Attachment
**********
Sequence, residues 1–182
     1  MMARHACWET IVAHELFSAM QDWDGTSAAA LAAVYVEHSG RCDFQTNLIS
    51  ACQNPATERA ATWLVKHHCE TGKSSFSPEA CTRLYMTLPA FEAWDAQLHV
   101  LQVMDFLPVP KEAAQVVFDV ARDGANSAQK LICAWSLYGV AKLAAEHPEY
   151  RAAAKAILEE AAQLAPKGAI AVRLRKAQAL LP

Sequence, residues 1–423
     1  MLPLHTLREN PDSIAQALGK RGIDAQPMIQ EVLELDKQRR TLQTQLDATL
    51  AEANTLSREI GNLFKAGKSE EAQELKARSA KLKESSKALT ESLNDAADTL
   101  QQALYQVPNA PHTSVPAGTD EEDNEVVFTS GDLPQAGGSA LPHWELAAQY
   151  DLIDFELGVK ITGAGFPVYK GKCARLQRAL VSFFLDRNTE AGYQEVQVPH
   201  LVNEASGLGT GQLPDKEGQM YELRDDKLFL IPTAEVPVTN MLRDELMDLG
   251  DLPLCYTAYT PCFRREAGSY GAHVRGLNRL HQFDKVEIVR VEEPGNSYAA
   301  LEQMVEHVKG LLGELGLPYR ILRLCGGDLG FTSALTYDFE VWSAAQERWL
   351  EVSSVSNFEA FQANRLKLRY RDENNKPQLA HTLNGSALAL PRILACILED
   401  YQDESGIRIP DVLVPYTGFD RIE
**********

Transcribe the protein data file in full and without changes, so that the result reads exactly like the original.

Sequence, residues 1–182
     1  MMARHACWET IVAHELFSAM QDWDGTSAAA LAAVYVEHSG RCDFQTNLIS
    51  ACQNPATERA ATWLVKHHCE TGKSSFSPEA CTRLYMTLPA FEAWDAQLHV
   101  LQVMDFLPVP KEAAQVVFDV ARDGANSAQK LICAWSLYGV AKLAAEHPEY
   151  RAAAKAILEE AAQLAPKGAI AVRLRKAQAL LP

Sequence, residues 1–423
     1  MLPLHTLREN PDSIAQALGK RGIDAQPMIQ EVLELDKQRR TLQTQLDATL
    51  AEANTLSREI GNLFKAGKSE EAQELKARSA KLKESSKALT ESLNDAADTL
   101  QQALYQVPNA PHTSVPAGTD EEDNEVVFTS GDLPQAGGSA LPHWELAAQY
   151  DLIDFELGVK ITGAGFPVYK GKCARLQRAL VSFFLDRNTE AGYQEVQVPH
   201  LVNEASGLGT GQLPDKEGQM YELRDDKLFL IPTAEVPVTN MLRDELMDLG
   251  DLPLCYTAYT PCFRREAGSY GAHVRGLNRL HQFDKVEIVR VEEPGNSYAA
   301  LEQMVEHVKG LLGELGLPYR ILRLCGGDLG FTSALTYDFE VWSAAQERWL
   351  EVSSVSNFEA FQANRLKLRY RDENNKPQLA HTLNGSALAL PRILACILED
   401  YQDESGIRIP DVLVPYTGFD RIE